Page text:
A House Republican is seeking a hearing into the Marine Corps' decision to move the Marine Corps Times off prominent newstands at the front of base commissaries and exchanges, calling it "a blatant attempt to punish" the publication for articles critical of Corps Commandant Gen. Jim Amos.
Rep. Walter Jones of North Carolina sent a letter Monday blasting the Corps' action as a "reprehensible" effort to make the independent publication more difficult to find. Jones sent the letter to House Armed Services Military Personnel Subcommittee Chairman Joe Wilson and ranking member Susan Davis.
On Wednesday, two days after Jones's letter was sent, the Marine Corps announced it is placing the Gannett publication back on its usual newstands—at least temporarily.
But Jones, himself a member of the House Armed Services Committee, said later on Wednesday he still wants a hearing to look into the matter.
"In America, a free and open press is critical to democracy," Jones wrote in Monday's letter. "If you start to control what our service members read, then we, as a nation, have a critical problem."
A statement on the service's official Facebook page explained the reversal Wednesday: "Reaction to the Marine Corps Times' relocation demonstrated a clear misunderstanding of intent; therefore, the product will return to its original location pending the outcome and communication of a more comprehensive, purposeful plan based on our Commandant's intent as it relates to an emphasis on professionalism within our Corps."
But a statement from Jones's office says that "While Congressman Jones welcomes this decision, he remains troubled that Marine Corps leadership has implied an intent to again remove the publication from its prominent store location in the future to create room for 'healthier food and beverage choices' and 'military literature from the Commandant's Reading List.' "
"This attempt by the Marine Corps leadership to stand in the way of a free and open press is unacceptable," Jones said in a statement Wednesday. "The Marine Corps Times is a widely read publication among members of our armed forces, as it provides them with critical information related to various aspects of their employment and service to our country."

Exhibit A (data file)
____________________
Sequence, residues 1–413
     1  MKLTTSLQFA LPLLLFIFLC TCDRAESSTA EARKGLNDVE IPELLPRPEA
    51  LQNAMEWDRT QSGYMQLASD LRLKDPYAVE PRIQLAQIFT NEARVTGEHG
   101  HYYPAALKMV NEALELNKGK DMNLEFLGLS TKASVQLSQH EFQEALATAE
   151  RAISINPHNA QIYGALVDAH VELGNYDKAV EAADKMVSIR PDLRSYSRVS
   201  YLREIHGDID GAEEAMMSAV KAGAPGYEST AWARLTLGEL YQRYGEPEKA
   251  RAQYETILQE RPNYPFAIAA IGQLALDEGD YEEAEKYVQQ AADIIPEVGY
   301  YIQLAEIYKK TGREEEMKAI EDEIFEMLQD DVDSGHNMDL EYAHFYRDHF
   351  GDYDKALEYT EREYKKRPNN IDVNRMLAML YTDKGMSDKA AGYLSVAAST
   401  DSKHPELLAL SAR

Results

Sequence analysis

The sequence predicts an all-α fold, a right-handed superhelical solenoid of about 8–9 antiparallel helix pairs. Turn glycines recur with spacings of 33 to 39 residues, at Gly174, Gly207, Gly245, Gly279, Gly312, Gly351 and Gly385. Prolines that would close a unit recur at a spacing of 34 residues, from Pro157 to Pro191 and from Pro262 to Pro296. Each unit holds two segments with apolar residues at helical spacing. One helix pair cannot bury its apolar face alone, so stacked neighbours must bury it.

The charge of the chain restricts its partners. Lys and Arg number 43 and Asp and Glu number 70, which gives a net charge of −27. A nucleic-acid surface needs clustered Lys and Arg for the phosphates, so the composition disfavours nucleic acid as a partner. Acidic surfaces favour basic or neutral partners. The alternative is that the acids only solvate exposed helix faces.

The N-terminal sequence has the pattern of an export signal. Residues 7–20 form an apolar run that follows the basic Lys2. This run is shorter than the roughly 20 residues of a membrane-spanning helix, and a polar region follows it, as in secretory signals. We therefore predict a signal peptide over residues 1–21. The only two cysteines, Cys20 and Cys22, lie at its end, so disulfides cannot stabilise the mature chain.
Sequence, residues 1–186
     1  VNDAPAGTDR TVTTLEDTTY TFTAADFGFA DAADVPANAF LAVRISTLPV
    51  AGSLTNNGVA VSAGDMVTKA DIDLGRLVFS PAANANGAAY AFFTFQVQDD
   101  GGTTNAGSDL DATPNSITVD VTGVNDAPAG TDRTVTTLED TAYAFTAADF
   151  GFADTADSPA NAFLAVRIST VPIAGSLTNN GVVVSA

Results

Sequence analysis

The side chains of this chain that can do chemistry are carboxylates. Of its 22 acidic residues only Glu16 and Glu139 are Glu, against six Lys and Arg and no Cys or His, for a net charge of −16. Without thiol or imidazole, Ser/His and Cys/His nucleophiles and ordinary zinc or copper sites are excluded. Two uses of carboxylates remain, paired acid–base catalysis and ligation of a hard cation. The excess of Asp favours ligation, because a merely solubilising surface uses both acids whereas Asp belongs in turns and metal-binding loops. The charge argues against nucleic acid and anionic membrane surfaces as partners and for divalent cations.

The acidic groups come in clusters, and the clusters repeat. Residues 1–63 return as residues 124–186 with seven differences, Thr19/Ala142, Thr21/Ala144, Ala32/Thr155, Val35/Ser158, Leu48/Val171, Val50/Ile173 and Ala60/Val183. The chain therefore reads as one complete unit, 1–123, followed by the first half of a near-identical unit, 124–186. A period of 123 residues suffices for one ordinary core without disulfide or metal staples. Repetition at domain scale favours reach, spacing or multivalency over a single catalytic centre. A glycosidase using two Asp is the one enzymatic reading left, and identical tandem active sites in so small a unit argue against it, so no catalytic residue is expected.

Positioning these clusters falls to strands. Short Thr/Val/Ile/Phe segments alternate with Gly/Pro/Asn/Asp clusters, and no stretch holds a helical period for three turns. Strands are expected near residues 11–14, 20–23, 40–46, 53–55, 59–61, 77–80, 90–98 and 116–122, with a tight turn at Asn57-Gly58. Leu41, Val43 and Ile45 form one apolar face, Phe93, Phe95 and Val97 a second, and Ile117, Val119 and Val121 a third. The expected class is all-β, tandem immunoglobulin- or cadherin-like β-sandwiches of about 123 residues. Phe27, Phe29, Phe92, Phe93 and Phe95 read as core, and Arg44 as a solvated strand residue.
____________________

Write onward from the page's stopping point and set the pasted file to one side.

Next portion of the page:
Jones has written a letter to the Corps' deputy commandant for manpower and reserve affairs, Lt. Gen. Robert E. Milstead, requesting further details regarding the initial decision to relocate publication within the service's stores.
In its own story about the decision to relocate its place with base stores and commissaries, the Marine Corps Times on Sunday included a comment from Peter Lundquist, the Military Times' vice president and general manager.
"For any retailer to hide one of its best-selling products is just bad business. It obviously will hurt our newsstand sales, but it also hurts revenues to the Exchange," Lundquist said. "But I'm told this isn't about business. Marine Corps Times helps Marines and their families stay informed about their service and their livelihood. We believe our independence is an asset to Marines."
"By what standard is Marine Corps Times not professionally oriented reading material, and who is setting that standard for Marines?" Lundquist asked.
The paper also noted that throughout much of the past year, it has published dozens of articles as part of an ongoing investigation into allegations that the service's commandant, Amos, abused his authority to ensure Marines were punished for an embarrassing war-zone scandal.
"Numerous reports have captured the attention of mainstream media outlets, including NPR, CNN, and Time magazine, among several others," the paper noted.
This article appears in the February 13, 2014 edition of NJ Daily.